Parent describes racial bullying of son: 'He said he was upset, but that he's used to it'
Parents in Lake Oswego are rallying behind a woman who said her son is a victim of ongoing racial bullying.Posted — Updated
Jennifer Cook said her 13-year-old son was sitting in class at Lake Oswego School District when three classmates handed him a note.
The note had two words: The "N-word" and the word "dog."
Cook said it was heartbreaking to hear that slur used against her biracial son, but it was even more shocking to learn it wasn't the first time.
"He said that he was upset, but that he's used to it because he hears that word five to 20 times a day at school," Cook said.
The Lake Oswego School District has dealt with other recent racial issues.
In November 2017, teachers at Lake Oswego High School found anti-Semitic posts on a student-run Facebook page. A week later, a student found racist graffiti on a bathroom wall.
In response, some students organized a walkout during school hours and showed their support for students of color.
After what happened at the junior high last week, the Lake Oswego School District released a statement saying, in part, "LOSD does not tolerate hate speech, bullying, harassment, or any other type of behavior that makes students and parents feel unwelcome in our schools."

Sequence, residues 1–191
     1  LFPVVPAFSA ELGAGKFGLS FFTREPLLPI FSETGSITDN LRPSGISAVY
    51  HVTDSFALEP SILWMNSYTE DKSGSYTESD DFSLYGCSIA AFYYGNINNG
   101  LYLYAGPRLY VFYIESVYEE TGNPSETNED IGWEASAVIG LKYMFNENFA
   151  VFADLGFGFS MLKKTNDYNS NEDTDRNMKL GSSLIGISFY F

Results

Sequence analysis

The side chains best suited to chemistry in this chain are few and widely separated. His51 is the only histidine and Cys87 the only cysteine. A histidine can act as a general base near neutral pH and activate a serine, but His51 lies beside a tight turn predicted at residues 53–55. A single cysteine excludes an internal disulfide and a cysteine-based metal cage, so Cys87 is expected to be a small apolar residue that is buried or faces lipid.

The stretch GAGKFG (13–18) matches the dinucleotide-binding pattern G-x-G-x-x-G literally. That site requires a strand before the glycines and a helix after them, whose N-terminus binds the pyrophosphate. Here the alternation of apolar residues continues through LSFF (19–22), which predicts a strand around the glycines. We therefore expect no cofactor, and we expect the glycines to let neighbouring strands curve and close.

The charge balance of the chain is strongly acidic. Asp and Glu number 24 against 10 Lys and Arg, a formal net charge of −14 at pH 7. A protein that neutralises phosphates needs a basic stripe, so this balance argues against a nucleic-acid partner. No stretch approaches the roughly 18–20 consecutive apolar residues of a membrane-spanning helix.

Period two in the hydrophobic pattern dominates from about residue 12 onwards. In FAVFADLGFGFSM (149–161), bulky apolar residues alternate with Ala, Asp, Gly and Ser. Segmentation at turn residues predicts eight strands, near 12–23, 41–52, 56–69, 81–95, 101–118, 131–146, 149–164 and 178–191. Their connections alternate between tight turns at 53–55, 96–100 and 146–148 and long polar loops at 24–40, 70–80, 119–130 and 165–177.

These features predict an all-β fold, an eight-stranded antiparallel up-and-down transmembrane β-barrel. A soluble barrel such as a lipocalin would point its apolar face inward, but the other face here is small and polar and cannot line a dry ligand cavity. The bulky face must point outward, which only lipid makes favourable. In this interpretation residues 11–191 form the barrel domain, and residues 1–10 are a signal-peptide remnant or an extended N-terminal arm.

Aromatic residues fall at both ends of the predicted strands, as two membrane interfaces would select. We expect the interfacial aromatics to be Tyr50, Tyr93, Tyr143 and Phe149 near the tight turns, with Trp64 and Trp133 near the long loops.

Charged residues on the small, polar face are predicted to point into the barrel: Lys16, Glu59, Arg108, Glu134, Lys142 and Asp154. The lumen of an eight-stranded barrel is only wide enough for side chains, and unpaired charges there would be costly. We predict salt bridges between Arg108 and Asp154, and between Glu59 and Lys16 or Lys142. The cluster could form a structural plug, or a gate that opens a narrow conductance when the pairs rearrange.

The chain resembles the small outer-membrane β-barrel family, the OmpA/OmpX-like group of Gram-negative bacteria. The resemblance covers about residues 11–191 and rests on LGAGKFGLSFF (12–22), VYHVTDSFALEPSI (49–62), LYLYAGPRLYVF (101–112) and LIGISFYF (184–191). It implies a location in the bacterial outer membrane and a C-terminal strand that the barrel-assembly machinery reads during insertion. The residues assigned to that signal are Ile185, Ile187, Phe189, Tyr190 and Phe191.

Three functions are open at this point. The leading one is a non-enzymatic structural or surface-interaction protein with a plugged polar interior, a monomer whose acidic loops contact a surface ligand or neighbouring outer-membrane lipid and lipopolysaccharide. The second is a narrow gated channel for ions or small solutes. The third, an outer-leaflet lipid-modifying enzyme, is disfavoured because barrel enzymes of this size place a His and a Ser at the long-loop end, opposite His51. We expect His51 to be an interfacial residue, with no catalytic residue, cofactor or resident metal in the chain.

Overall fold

The statement goes on to detail the district's response to what happened.
"A racial incident occurred at Lake Oswego Junior High School on Friday. School administrators responded immediately with consequences for the student, but more importantly administrators are working with the involved students using restorative justice strategies," according to administrators.
Some parents say the issues won't be resolved until there is more representation of minority groups within the district. Others are skeptical of that.
"You shouldn't need diversity to be able to know how to treat other human beings," said Cook's friend Mia Smith.
The school's principal published a blog in which she states the school has recently created an equity committee to examine its curriculum and practices in order to make it more inclusive.
She invited parents to join in on the conversation.
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